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Title: Laser induced molecular axis alignment : measurement and applications in attosecond science
Author: Procino, I.
ISNI:       0000 0004 2731 1108
Awarding Body: University College London (University of London)
Current Institution: University College London (University of London)
Date of Award: 2011
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This thesis reports the measurement and applications of molecular axis alignment induced by strong non-resonant linearly polarised laser fields. The spatial alignment of gas phase molecules overcomes the loss of information that results from averaging angle-dependent quantities over all the possible orientations of an isotropic sample. Therefore, laser-induced molecular alignment techniques are an essential component in new experiments aimed at measuring the structure of molecules with attosecond time resolution. In the first part of this thesis an experiment to measure molecular axis alignment is described. This experiment is based on the velocity map imaging technique in conjunction with time-resolved femtosecond laser Coulomb explosion of the molecular sample by an intense circularly polarised laser beam. A circularly polarised beam is needed to ensure a uniform detection efficiency for each possible orientation of the molecular axis in the polarisation plane. However, such a polarisation produces ion distributions that are not cylindrically symmetric, preventing the use of the standard Abel inversion technique to retrieve the three-dimensional ion distributions from the detected two-dimensional images. A new inversion algorithm is presented that allows the retrieval of molecular axis distributions from angular distributions of ions without cylindrical symmetry. The second part of the thesis focuses on the application of laser-induced molecular alignment to retrieve molecular structure and dynamics from high-order harmonic generation (HHG) experiments. HHG with a mid-infrared laser source (1300 nm) from aligned molecular samples of CO2, N2, C2H2, and N2O are presented. The use of a laser source with a wavelength longer than that used in previous experiments (800 nm) has increased the amount of information obtainable from such experiments. These experiments have provided insight into the hole dynamics of CO2 following ionisation, and reveal for the first time structural features in the HHG spectra of molecules with low ionisation potentials such as C2H2.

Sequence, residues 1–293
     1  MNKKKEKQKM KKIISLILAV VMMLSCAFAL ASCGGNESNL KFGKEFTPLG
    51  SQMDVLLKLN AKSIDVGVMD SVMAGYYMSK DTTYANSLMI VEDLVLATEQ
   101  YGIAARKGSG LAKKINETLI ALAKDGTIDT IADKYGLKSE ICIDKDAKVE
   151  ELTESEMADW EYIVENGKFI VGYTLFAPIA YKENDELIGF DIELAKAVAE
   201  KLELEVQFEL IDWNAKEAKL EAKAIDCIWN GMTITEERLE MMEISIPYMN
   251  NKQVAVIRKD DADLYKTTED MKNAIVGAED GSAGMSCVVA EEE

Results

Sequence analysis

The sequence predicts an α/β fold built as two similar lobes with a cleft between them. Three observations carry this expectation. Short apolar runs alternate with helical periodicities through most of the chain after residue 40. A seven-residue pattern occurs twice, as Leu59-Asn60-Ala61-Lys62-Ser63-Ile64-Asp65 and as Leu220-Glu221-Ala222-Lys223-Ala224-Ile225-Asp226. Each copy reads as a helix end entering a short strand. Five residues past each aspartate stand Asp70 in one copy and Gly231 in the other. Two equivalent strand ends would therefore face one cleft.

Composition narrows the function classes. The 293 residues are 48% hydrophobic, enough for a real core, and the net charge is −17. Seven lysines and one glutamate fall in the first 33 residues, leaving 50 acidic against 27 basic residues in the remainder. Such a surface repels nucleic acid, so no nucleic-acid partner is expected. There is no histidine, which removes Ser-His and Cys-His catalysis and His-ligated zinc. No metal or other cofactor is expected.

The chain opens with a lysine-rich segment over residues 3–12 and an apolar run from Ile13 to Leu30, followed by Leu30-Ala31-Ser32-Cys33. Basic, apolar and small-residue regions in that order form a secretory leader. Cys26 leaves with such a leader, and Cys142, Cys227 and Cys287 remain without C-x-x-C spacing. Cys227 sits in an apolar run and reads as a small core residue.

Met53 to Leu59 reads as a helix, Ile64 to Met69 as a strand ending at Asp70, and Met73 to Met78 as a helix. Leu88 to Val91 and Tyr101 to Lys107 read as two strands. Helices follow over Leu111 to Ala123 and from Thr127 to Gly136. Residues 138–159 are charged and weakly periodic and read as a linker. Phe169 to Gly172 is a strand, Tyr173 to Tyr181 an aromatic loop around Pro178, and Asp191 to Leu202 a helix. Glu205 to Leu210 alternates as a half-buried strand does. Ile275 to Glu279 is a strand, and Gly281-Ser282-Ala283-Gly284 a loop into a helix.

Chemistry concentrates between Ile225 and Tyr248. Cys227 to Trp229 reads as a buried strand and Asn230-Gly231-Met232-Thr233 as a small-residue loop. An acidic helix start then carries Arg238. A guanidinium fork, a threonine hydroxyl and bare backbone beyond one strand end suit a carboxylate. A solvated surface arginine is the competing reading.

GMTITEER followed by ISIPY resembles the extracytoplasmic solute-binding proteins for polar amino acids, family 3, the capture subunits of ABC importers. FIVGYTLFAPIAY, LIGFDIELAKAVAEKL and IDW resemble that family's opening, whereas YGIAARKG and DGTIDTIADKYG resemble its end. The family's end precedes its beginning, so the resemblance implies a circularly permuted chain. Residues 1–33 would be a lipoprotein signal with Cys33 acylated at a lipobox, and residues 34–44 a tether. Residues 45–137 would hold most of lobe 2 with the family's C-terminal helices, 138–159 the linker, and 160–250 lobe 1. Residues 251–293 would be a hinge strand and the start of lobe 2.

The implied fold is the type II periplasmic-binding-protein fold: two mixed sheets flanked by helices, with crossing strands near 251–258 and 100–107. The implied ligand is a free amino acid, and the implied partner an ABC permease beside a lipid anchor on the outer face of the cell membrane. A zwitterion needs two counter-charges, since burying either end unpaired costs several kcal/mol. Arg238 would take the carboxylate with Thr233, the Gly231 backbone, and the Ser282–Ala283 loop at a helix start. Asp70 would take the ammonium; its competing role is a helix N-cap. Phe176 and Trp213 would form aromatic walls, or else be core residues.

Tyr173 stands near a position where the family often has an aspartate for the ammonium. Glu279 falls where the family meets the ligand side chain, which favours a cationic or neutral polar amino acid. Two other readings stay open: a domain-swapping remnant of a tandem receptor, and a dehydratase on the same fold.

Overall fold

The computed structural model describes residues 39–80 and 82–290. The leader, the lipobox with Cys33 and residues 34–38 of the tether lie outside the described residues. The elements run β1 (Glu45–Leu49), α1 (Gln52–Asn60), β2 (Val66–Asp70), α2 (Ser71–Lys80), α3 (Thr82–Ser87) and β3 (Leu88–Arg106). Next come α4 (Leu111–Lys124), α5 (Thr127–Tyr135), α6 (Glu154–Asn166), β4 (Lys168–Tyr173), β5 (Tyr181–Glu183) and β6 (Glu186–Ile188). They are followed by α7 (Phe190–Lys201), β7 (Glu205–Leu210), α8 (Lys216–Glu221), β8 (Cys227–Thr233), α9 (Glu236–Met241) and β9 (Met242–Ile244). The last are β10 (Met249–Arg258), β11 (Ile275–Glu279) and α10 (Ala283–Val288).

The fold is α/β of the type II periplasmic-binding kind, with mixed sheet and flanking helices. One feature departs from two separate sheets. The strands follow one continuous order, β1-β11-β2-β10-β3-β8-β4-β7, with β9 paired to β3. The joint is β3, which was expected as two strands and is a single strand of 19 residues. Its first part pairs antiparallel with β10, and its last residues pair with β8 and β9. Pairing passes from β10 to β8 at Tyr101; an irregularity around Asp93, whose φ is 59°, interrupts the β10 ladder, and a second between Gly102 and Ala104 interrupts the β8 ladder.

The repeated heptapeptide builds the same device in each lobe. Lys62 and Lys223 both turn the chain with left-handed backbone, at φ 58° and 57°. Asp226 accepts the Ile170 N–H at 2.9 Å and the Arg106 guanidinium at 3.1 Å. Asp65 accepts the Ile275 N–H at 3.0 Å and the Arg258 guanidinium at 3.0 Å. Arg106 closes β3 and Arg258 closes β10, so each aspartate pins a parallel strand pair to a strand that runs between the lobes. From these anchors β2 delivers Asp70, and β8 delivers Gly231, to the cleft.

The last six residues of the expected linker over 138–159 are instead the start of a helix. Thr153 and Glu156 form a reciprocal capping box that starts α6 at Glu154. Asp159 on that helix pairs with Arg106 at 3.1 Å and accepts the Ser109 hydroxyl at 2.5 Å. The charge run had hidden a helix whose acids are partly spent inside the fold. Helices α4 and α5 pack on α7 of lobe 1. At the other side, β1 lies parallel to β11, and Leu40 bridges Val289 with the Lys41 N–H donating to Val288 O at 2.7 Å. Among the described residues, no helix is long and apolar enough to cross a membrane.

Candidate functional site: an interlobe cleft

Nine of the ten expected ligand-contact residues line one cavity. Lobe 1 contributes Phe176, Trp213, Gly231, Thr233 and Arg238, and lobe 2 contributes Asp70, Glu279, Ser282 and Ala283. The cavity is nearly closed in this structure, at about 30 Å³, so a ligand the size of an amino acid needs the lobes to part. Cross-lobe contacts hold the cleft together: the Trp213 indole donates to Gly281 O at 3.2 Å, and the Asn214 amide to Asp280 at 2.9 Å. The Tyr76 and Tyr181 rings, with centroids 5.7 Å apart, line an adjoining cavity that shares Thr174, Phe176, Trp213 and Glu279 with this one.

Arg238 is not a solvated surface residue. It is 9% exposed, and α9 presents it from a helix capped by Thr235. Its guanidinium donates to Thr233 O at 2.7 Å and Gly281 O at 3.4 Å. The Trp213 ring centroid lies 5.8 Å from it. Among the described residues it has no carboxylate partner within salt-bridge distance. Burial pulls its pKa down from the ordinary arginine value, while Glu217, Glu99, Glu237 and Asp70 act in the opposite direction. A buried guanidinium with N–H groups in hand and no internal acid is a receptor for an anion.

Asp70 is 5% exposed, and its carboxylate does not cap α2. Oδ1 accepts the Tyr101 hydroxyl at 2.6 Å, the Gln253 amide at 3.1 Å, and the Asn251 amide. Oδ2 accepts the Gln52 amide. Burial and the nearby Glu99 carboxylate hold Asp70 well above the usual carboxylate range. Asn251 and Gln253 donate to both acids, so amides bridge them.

Supervisor: Not available Sponsor: Not available
Qualification Name: Thesis (Ph.D.) Qualification Level: Doctoral
EThOS ID:  DOI: Not available